Strangers to Ourselves: Unsettled Minds and the Stories That Make Us

Category: Book
By (author): Aviv, Rachel
  NON-FICTION / General
  PSYCHOLOGY / Psychopathology / General
  SOCIAL SCIENCE / Disease & Health Issues
Publisher: Doubleday Canada
Published: September 2022
Format: Book-hardcover
Pages: 288
Size: 8.52in x 5.78in x 1.04in
Our Price:
$ 33.00
In stock

Additional Notes

From The Publisher*The highly anticipated debut from the acclaimed award-winning New Yorker writer Rachel Aviv compels us to examine how the stories we tell about mental illness shape our sense of who we are.

Mental illnesses are often seen as chronic and intractable forces that take over our lives, that define us. But how much do the stories we tell about our illnesses-and the process of diagnosis-inform their course? In Strangers to Ourselves, a powerful and gripping debut, Rachel Aviv writes about how explanations for mental distress may shape our health, our sense of who we are, and the possibilities for who we can be in the world. Drawing on deep, original reporting and unpublished journals and memoirs, Aviv follows an Indian woman, celebrated as a saint, who lived in healing temples in Kerala; an incarcerated mother vying for her children's forgiveness after a period of psychosis; a man seeking revenge against a prominent psychoanalytic hospital through a lawsuit that dramatizes the clash between two irreconcilable models of the mind; an affluent young woman whose lifelong psychiatric treatment eventually leads her to go off her meds in a desperate attempt to figure out who she would be without them. Animated by a profound sense of empathy, Aviv's exploration is refracted through her own account of being institutionalized at the age of six and meeting Hava, a friend and fellow patient with whom her life runs parallel-until it no longer does.
While the stories unfold in different eras and cultures, they converge in the psychic hinterlands, the outer edges of human experience. Aviv writes about people who have come up against the limits of psychiatric explanations and endeavor to recover a sense of agency, in search of new ways to understand a self in the world. Challenging conventional ideas of mental disease as something static, Aviv's accounts are testaments to the porousness and resilience of the mind.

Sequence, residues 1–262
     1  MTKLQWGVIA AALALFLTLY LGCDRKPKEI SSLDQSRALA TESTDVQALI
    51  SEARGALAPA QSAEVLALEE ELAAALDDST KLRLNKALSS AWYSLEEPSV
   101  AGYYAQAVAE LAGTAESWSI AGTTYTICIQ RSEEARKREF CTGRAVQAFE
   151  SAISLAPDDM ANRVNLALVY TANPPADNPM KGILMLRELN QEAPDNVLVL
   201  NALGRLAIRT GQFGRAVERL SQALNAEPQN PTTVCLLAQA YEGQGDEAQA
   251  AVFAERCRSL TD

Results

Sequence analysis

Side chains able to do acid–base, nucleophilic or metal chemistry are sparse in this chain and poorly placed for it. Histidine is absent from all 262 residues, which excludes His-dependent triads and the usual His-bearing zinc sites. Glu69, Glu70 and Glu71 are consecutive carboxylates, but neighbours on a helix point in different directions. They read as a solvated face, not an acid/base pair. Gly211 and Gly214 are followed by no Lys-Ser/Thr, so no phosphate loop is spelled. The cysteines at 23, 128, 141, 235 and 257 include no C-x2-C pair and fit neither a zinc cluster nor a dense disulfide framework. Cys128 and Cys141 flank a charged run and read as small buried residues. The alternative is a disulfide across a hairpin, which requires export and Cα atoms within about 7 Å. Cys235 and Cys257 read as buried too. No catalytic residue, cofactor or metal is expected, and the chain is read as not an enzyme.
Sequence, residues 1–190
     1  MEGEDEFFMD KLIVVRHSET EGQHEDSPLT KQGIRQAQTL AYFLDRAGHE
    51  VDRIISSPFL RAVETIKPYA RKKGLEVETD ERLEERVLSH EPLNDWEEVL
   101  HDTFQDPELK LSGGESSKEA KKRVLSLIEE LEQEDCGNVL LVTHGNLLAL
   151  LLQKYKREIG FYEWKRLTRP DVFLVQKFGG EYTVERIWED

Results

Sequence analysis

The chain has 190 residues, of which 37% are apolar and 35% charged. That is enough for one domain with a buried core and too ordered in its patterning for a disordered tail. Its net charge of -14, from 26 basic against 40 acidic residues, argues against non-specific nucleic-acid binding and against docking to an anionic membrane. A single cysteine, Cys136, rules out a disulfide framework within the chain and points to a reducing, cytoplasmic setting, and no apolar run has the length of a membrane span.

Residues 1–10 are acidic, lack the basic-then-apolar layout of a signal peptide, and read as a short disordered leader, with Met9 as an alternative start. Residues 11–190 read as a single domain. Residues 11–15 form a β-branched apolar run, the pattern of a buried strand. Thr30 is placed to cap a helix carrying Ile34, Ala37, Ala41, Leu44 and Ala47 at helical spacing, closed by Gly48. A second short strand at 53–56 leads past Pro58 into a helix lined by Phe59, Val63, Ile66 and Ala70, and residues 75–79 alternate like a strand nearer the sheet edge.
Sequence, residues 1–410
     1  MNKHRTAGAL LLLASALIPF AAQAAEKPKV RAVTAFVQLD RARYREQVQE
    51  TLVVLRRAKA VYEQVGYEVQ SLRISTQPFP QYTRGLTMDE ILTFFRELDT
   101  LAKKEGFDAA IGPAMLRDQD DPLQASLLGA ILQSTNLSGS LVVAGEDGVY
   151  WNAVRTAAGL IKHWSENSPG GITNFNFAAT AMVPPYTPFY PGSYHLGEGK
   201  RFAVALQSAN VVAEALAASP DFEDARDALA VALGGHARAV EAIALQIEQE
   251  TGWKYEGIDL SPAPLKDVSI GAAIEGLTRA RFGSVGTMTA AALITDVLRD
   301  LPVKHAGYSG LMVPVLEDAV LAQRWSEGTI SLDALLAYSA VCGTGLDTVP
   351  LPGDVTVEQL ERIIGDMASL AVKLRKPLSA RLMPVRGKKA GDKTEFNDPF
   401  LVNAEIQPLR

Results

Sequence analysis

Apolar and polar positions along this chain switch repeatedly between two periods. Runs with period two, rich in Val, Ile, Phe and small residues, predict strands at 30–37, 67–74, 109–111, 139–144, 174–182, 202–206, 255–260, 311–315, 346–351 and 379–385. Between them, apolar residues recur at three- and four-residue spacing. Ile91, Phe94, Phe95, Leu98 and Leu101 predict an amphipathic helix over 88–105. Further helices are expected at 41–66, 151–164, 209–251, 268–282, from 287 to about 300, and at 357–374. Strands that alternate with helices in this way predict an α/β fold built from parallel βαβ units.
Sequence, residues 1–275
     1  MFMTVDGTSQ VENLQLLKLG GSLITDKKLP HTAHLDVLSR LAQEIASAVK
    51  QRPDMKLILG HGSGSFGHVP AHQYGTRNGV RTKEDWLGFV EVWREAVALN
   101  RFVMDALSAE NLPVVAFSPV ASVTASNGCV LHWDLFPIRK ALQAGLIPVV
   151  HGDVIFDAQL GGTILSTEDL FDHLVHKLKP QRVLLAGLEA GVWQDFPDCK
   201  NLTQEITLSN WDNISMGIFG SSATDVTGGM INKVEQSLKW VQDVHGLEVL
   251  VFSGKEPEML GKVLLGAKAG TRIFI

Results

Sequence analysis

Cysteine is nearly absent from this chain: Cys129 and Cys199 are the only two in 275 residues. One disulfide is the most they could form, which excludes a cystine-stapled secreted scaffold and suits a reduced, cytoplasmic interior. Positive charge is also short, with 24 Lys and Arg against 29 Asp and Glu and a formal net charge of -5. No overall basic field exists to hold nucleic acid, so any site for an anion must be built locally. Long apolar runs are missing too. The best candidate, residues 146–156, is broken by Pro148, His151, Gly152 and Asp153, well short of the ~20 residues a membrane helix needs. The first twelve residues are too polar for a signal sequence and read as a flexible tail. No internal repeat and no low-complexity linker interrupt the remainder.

Review Quote*"In this penetrating, landmark book, Rachel Aviv investigates what she calls the 'psychic hinterlands,' drawing on her customary vivid reporting and her own extraordinary personal story to pose unsettling questions about the ways in which we reckon with mental illness by categorizing it, diagnosing it, giving it a name. Threading together the intimate and emotionally shattering stories of a series of very different people who have struggled to live with and to understand their own psychological afflictions, Aviv has created an arresting work of profound empathy and insight." -Patrick Radden Keefe, author of Empire of Pain and Say Nothing

"Aviv writes with an unpredictable mixture of intimacy and distance, exploring how psychiatric language often alters what it names. She has assembled a remarkable archive of unpublished materials-memoirs, poems, journals (including her own)-that offers a visceral counterpoint to the official languages of institutions and expertise. I admire her rigor and eloquence but also her restraint-she makes vivid experiences we can't explain." -Ben Lerner, author of The Topeka School

"A groundbreaking, paradigm-shifting exploration of the relationship between diagnosis and identity. This is the kind of book that can make your life flash before your eyes, glittering with new insights and a sense of unguessed possibilities." -Elif Batuman, author of The Idiot and Either/Or
"Haunting and profound, Strangers to Ourselves teaches us that beyond neurotransmitters, beyond family dynamics, lives turn out differently because of the different stories people spin about themselves. This brilliant book will shift the way you think about what we so simplistically call 'mental illness.'" -T. M. Luhrmann, professor of anthropology at Stanford University
"Writing with uncanny empathy and integrity, Rachel Aviv illuminates the ways that culture shapes our perceptions of mental illness and who is deserving of care. Strangers to Ourselves is a work of landmark reporting that is truly heartbreaking and astonishing." -Cathy Park Hong, author of Minor Feelings: An Asian American Reckoning
"A heartfelt plea for a return to detailed storytelling as an element in mental health care and, within the stories, attention to context: the factors like culture, class, race, religion, family customs, idiosyncratic experience, and private dreams and ambitions that shape lives and illnesses." -Peter D. Kramer, author of Listening to Prozac
"The master prose stylist Rachel Aviv quietly explodes our neat narratives as she rescues the radiant meanings of lives formed in extremity, including her own. Breaking away from labels that have the power to create the futures they foretell, her case histories are kaleidoscopic, filled with sudden radiance and uncomfortable discontinuities that in the end force forward profound questions about what is real. Brilliant." -George Makari, MD, author of Of Fear and Strangers: A History of Xenophobia and director of the DeWitt Wallace Institute of Psychiatry at Weill Cornell Medicine
Biographical NoteRACHEL AVIV has been a staff writer at The New Yorker since 2013. She has written for the magazine about a range of subjects including medicine, legal ethics, and criminal justice. She was a finalist for the National Magazine Award for Public Interest for a story about elderly people stripped of their legal rights. She has received a Rona Jaffe Foundation Writers' Award and the Scripps Howard Award, for reporting about police violence. She was a 2019 national fellow at New America. She lives in Brooklyn.